For example, the website lacks an H1 header on the home page. Instead, the first header uses an H3 format.

AHA New Bedford's website uses improper header
The home page of AHANew Bedford contains the improper header structure, using an H3 header instead of an H1 header.

On other pages, headers are used stylistically instead of organizing material. On the About Us page, an H2 title is used as a paragraph of text.  Using headers in this fashion is not advisable and is not the best writing practice. 

AHA New Bedford's About AHA! page contains two H2 headers. One header is the correct header, and the second header should be a paragraph of text.
AHA New Bedford’s About AHA! page contains two H2 headers. One header is the correct header, and the second header should be a paragraph of text.

Further down on the About Us Page, headers are not used to introduce the other topics. Instead, the website uses bold type in the paragraph HTML element followed by a block of text. Structuring web content in this manner is also not advisable, and headers can alleviate the congestion. It’s also advisable to limit and simplify giant blocks of text.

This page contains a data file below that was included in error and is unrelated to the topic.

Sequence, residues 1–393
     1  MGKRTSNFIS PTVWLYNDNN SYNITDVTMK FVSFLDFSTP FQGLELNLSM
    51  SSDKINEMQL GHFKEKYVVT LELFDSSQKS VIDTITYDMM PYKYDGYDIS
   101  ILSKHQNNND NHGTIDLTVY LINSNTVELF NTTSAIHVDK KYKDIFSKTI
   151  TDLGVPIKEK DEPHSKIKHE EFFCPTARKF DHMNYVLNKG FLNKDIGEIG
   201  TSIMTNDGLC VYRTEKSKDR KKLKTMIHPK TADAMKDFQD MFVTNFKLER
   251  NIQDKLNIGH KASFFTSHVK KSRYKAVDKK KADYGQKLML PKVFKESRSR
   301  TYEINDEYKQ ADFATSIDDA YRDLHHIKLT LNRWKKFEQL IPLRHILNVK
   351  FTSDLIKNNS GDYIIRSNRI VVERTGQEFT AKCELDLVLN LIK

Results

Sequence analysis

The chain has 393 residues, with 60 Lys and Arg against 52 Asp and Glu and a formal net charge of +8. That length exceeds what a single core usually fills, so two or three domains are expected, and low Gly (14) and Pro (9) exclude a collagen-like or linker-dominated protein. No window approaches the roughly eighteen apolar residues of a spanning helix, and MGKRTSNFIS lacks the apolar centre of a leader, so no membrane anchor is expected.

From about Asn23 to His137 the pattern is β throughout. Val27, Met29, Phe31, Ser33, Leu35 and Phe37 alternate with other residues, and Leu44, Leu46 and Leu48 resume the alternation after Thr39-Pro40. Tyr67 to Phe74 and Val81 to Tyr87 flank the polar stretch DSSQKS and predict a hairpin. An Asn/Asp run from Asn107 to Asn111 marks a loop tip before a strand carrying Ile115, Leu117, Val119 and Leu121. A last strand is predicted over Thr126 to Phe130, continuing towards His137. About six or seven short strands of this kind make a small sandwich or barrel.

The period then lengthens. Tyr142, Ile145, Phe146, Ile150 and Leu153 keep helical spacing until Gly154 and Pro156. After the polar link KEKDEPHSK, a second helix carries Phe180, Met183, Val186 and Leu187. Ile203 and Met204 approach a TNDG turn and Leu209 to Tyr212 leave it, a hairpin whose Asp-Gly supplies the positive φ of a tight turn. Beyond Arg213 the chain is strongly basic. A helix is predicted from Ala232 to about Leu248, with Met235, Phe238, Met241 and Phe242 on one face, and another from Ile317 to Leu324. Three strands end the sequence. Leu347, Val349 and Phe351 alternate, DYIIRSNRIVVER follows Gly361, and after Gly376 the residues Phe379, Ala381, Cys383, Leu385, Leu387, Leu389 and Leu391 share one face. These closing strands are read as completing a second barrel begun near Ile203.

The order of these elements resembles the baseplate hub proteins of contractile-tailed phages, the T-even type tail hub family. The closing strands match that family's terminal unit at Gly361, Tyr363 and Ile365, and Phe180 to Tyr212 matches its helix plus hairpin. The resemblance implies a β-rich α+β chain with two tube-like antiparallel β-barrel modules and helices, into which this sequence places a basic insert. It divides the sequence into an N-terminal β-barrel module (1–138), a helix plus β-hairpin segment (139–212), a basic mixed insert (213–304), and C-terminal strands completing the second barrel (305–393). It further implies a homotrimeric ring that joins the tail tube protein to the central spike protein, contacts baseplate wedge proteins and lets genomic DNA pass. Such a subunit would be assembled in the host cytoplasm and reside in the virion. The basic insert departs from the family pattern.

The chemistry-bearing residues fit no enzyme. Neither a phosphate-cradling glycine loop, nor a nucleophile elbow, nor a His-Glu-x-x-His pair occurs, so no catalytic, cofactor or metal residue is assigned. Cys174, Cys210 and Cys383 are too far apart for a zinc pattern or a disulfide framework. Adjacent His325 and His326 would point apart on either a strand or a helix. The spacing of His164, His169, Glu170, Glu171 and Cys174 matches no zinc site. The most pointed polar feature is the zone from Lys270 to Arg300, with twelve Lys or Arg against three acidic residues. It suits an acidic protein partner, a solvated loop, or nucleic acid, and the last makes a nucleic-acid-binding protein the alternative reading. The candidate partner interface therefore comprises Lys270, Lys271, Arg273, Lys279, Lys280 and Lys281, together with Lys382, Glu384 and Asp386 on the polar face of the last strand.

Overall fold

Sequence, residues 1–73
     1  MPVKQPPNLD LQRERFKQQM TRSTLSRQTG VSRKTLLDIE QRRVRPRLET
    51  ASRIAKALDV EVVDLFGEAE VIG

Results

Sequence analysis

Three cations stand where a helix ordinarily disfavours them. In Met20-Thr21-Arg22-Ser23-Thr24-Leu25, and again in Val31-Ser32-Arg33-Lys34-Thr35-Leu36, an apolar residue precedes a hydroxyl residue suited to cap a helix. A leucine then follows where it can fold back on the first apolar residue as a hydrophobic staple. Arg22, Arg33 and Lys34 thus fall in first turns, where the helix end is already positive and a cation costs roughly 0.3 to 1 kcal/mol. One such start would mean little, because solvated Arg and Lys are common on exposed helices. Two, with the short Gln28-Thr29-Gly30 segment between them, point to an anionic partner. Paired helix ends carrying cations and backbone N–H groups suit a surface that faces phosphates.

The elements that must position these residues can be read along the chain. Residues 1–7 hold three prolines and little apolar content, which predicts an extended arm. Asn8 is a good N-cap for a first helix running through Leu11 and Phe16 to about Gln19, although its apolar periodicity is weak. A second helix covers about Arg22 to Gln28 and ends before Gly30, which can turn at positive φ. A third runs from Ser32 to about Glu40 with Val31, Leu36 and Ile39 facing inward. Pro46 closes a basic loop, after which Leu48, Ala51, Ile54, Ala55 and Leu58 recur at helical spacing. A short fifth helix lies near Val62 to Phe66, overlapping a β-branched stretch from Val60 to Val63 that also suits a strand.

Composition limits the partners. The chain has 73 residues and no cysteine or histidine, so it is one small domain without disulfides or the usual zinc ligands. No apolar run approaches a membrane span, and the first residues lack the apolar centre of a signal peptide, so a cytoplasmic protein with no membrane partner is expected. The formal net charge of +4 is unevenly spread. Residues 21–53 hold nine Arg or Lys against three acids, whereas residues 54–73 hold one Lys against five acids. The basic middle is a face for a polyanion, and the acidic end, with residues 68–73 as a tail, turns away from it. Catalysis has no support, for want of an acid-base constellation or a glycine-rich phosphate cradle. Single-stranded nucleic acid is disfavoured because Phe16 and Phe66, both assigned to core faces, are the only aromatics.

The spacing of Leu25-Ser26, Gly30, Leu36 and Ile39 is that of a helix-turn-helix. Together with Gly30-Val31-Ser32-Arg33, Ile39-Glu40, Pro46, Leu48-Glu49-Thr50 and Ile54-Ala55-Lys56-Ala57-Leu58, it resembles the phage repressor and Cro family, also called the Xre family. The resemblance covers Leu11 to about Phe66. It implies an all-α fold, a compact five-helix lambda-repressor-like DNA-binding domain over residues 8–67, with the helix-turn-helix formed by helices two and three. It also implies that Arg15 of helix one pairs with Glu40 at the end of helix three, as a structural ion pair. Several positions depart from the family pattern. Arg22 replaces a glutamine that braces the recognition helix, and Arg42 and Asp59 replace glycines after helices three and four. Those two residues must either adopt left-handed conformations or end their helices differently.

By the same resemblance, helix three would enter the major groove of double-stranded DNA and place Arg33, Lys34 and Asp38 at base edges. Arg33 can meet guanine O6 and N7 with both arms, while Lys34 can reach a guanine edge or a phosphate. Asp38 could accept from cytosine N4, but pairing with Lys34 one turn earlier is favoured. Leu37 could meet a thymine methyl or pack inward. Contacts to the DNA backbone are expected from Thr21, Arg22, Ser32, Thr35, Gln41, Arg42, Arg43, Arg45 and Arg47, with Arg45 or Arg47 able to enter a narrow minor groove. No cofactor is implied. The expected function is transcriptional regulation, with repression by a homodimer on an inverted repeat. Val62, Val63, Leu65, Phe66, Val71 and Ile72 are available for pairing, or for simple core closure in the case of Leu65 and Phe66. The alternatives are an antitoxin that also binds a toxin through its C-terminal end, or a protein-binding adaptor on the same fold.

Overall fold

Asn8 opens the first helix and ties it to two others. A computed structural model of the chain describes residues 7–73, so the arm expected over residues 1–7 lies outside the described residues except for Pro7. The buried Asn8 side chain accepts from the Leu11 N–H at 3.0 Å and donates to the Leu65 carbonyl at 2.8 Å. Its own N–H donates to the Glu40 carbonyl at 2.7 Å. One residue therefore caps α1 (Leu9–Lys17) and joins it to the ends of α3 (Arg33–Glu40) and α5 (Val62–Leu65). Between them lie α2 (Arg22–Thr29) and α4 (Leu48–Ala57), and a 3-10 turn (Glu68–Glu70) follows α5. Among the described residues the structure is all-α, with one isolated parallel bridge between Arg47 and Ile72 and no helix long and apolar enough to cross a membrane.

Further down on the About Us Page, headers are not used to introduce the other topics. Instead, the website uses bold type in the paragraph HTML element followed by a block of text. Structuring web content in this manner is also not advisable, and headers can alleviate the congestion. It’s also advisable to limit and simplify giant blocks of text. 

AHA! New Bedford's website uses too much text, and not enough headers to break up text.
The About Page should use headers to break up and organize text.


Search engines favor websites that provide positive experiences for people with disabilities and websites that are responsive to the different types of devices users will use.